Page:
Speaking of the Capitol Insurrection, lesbian teen Helena Duke got the attention of the entire nation when she sided with democracy instead of her family and publicly disclosed the names of her mother and other family members who were in D.C. around the time of those events.
“Hi this is the liberal lesbian of the family who has been kicked out multiple times for her views and for going to BLM protests to care what happens to me,” Duke wrote before stating the names of her family members, along with screenshots of them in D.C.
Rep. Lauren Boebert (R-CO) was sworn in for her first term in January and quickly established herself as one of the most anti-LGBTQ – as well as racist, pro-gun death, Islamophobic, QAnon-believing… – members of Congress.
So it’s no surprise that LGBTQ Nation readers wanted to learn about how her state of Colorado may redraw its Congressional map in a way that would make it hard for her to be anything more than a one-term Congresswoman.
The most-clicked article of the year is part of a larger story about the attacks on transgender youth that occurred throughout the country.
Over a hundred bills were proposed in state legislatures to take rights away from transgender kids, mostly attacking their rights to participate in school sports and get appropriate medical care. The breadth of the attack was unprecedented and shocking, especially considering how trans youth had been exercising these rights for years in some states without raising a fuss.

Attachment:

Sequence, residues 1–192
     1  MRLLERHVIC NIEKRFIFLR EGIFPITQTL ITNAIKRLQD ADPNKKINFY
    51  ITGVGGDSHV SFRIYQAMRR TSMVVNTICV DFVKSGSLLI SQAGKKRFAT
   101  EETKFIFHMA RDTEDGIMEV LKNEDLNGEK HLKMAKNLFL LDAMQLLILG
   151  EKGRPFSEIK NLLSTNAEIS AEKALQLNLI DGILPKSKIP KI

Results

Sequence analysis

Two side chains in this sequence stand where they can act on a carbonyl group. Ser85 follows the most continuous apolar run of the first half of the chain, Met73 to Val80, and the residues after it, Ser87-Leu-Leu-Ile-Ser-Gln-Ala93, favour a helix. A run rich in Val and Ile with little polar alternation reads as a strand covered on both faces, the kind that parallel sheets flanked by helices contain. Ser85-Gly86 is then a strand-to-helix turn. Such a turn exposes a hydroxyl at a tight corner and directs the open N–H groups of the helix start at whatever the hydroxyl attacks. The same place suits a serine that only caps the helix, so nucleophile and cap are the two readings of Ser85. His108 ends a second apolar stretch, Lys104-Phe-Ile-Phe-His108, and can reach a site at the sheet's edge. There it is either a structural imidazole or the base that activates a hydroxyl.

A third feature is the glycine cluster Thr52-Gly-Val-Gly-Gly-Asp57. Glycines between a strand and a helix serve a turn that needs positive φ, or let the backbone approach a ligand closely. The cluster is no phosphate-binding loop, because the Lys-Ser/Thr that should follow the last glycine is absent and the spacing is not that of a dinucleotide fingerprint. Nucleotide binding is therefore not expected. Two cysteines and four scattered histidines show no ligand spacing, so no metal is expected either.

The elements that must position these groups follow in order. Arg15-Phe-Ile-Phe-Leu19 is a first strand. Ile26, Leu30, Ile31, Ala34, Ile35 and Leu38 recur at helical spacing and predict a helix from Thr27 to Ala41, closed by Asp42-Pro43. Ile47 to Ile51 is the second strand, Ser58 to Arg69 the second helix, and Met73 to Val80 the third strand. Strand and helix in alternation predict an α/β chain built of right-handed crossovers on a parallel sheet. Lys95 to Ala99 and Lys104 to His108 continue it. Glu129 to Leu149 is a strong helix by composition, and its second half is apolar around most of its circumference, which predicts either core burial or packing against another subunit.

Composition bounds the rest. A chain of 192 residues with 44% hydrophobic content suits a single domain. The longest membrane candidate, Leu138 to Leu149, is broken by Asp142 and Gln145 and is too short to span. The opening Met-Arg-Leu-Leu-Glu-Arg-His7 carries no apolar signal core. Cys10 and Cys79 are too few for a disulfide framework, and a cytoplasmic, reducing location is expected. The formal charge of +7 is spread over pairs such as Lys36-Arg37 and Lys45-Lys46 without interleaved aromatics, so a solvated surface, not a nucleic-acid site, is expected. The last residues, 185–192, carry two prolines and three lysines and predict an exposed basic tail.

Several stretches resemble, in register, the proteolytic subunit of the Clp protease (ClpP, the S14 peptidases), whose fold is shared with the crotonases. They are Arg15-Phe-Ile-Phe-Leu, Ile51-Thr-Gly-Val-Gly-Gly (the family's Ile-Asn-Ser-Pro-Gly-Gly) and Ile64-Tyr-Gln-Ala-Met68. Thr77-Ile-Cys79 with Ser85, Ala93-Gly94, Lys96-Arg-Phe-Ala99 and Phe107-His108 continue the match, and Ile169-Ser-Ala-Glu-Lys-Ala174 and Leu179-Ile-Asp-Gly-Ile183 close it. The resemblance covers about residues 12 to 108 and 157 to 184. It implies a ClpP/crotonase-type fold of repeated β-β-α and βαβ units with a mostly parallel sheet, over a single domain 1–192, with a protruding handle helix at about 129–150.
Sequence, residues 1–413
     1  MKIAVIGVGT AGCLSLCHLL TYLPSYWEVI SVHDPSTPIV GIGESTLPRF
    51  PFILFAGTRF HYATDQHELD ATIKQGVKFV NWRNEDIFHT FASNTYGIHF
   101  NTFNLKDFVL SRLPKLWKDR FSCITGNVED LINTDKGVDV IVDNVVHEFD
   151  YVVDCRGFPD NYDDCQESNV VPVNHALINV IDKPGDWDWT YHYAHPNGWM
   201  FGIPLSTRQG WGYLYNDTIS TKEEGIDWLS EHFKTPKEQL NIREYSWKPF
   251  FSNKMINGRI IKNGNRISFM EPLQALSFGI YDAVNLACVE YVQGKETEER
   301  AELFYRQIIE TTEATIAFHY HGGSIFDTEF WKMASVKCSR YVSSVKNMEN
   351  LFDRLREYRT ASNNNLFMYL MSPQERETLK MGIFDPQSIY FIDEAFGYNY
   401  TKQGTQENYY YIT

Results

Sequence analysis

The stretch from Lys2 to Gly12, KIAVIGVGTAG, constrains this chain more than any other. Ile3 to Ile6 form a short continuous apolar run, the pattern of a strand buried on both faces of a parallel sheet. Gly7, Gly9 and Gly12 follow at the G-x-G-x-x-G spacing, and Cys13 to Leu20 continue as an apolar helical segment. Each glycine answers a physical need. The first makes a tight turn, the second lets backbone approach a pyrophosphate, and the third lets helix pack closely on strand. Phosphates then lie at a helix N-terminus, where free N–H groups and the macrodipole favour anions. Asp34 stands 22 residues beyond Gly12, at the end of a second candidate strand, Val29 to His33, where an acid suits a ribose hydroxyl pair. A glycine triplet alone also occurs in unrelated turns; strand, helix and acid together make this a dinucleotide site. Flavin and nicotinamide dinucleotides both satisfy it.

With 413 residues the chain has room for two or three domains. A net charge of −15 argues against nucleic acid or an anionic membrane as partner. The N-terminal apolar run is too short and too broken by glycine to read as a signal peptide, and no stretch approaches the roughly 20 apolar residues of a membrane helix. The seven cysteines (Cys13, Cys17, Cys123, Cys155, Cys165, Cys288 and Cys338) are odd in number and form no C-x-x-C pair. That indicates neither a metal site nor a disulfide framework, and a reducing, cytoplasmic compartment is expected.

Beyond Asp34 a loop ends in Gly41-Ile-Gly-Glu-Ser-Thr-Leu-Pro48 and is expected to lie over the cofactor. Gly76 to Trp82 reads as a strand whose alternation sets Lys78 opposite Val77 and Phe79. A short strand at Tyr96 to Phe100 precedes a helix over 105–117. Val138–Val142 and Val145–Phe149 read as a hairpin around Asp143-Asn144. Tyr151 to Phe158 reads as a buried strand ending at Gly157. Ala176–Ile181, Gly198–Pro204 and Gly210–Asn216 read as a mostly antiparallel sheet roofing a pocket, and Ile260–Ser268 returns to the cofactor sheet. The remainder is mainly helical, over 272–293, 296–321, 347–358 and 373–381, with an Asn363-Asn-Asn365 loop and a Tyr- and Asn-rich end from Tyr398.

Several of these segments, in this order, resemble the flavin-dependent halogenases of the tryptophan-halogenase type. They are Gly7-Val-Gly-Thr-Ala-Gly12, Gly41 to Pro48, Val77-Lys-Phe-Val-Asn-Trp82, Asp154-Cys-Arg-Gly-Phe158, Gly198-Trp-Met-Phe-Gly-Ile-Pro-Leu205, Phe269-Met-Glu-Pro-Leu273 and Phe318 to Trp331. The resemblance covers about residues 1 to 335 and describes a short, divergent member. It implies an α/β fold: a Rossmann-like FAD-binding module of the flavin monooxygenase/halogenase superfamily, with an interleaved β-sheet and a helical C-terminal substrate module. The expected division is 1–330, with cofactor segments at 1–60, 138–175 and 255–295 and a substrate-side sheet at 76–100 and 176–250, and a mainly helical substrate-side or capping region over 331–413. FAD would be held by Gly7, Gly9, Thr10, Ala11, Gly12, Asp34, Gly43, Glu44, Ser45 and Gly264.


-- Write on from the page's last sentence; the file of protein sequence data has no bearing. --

Rep. Greg Steube (R-FL) raised the stakes and introduced a bill to ban transgender youth from participating in school sports at the federal level. But since the federal government doesn’t have direct control over education, his bill just threatened to take funds away from school districts or states that protect transgender students’ rights, leaving the question of how, exactly, they go about it to the states themselves.
Considering there a bill in his home state that had a decent chance of passing that demanded girls get genital examinations before participating in school sports, it wasn’t hard to see how some states or school districts – afraid of losing federal funding but left with almost no guidance from Steube – would implement his bill in the harshest way possible if it passed.
It has not passed and it is unlikely to move forward in the Democratic House.